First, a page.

Daniel 6:16

16 So the king gave the order, and they brought Daniel and threw him into the lions’ den. The king said to Daniel, “May your God, whom you serve continually, rescue you!”

Read Daniel 6:16 Using Other Translations

Then the king commanded, and they brought Daniel, and cast him into the den of lions. Now the king spake and said unto Daniel, Thy God whom thou servest continually, he will deliver thee.
Then the king commanded, and Daniel was brought and cast into the den of lions. The king declared to Daniel, "May your God, whom you serve continually, deliver you!"
So at last the king gave orders for Daniel to be arrested and thrown into the den of lions. The king said to him, “May your God, whom you serve so faithfully, rescue you.”

What does Daniel 6:16 mean?

John Gill's Exposition of the Bible
Daniel 6:16

Then the king commanded
Being overawed by his princes and fearing they would conspire against him, and stir up the people to rebel; and consulting his own credit lest he should be thought fickle and inconstant; he ordered the decree to be put in execution against Daniel, and delivered his favourite into their hands: and they brought Daniel, and cast him into the den of lions;
not the princes but proper officers employed by them: according to the additions to this book of Daniel, there were seven lions in this den, in the Apocrypha: ``And in the den there were seven lions, and they had given them every day two carcases, and two sheep: which then were not given to them, to the intent they might devour Daniel.'' (Bel 1:32) but, according to Joseph ben Gorion F7, there were ten, who used to devour ten sheep, and as many human bodies every day; but this day they had no food, and ate nothing, that they might be more greedy, and devour Daniel the sooner: now the king spake and said unto Daniel;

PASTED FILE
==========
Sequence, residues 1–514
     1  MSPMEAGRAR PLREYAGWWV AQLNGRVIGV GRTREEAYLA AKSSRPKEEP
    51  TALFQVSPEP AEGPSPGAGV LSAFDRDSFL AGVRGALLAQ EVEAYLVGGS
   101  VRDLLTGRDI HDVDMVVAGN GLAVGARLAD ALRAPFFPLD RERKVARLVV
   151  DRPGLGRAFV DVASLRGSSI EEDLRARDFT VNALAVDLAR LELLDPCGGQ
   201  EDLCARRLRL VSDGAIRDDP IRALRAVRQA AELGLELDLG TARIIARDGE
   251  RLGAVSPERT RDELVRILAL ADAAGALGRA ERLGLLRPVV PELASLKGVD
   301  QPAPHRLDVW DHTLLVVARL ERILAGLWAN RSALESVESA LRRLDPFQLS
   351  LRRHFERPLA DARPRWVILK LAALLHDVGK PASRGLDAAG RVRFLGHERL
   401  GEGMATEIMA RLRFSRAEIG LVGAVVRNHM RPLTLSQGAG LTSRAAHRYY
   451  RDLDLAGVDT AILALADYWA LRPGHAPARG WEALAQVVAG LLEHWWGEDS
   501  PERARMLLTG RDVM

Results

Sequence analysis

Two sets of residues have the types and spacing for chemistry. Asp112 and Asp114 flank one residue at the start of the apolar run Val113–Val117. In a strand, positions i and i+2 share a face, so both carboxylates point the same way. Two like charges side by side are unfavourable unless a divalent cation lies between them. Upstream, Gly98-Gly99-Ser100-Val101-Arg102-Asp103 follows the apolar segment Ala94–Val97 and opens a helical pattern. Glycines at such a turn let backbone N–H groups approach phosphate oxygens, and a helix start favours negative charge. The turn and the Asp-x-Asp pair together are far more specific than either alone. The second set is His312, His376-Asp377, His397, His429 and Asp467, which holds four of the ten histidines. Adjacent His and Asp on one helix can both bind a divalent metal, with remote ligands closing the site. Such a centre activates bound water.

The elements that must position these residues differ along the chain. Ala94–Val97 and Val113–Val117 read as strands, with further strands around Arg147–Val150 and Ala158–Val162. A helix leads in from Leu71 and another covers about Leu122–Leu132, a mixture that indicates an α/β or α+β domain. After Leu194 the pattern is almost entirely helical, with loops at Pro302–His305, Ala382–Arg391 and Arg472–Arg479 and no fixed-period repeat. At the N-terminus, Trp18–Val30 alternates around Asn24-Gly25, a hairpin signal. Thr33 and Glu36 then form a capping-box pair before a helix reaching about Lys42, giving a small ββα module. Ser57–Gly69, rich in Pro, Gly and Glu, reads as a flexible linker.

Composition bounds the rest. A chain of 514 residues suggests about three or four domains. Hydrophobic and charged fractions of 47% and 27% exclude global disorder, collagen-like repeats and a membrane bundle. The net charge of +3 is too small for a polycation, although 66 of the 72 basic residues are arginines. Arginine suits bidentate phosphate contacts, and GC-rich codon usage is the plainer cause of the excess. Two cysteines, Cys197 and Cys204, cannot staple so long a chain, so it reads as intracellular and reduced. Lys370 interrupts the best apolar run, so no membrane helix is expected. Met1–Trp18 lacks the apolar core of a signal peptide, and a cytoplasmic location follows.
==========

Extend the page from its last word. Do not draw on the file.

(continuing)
being brought into his presence, in his palace, before he was cast into the den; or at the mouth of the den whither the king accompanied him: thy God whom thou servest continually, he will deliver thee;
he calls the Lord Daniel's God, not his own, as he was not, he served other gods; yet he suggests that Daniel was right in serving him continually, in praying to him daily, the very thing for which he was cast to the lions; and expresses his confidence that his God he served would deliver him from being devoured by them; which he might conclude, from, the innocency, integrity, and faithfulness of Daniel, and from his being such a peculiar favourite of God as to be indulged with the knowledge of future things; and perhaps he might have heard of the deliverance of his three companions from the fiery furnace: though the words may be rendered, as they are by some, as a wish or prayer, "may thy God &c. deliver thee" F8; I cannot, I pray he would; it is my hearty desire that so it might be.


FOOTNOTES:

F7 Hist. Heb. l. 1. c. 10. p. 34.
F8 (Knbzvy) "liberet te", Junius & Tremellius, Piscator, Grotius, Cocceius, Michaelis.
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